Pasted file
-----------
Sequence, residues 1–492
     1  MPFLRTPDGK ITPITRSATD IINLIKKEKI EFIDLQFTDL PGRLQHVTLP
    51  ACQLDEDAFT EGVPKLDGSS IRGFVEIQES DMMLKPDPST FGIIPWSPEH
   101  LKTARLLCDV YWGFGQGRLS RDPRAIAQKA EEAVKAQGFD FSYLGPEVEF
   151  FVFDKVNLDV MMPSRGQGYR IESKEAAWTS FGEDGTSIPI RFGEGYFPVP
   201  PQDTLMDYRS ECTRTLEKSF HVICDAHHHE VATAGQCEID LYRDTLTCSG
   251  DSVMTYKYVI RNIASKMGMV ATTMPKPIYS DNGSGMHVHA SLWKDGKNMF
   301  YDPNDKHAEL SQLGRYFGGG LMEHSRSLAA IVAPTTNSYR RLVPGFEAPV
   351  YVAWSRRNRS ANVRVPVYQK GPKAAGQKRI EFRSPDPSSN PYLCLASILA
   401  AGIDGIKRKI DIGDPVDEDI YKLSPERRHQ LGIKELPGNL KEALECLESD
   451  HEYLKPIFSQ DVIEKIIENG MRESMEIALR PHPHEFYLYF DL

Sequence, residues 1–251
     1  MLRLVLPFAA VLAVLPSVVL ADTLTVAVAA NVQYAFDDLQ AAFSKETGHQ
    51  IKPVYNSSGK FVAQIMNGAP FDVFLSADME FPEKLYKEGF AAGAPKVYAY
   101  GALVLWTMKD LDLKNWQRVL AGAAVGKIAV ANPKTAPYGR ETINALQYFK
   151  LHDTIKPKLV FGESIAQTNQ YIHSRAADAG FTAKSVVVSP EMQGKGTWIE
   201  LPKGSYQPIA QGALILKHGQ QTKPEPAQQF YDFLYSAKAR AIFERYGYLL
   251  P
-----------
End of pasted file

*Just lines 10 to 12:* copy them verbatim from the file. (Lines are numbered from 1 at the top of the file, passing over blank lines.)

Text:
   401  AGIDGIKRKI DIGDPVDEDI YKLSPERRHQ LGIKELPGNL KEALECLESD
   451  HEYLKPIFSQ DVIEKIIENG MRESMEIALR PHPHEFYLYF DL

Sequence, residues 1–251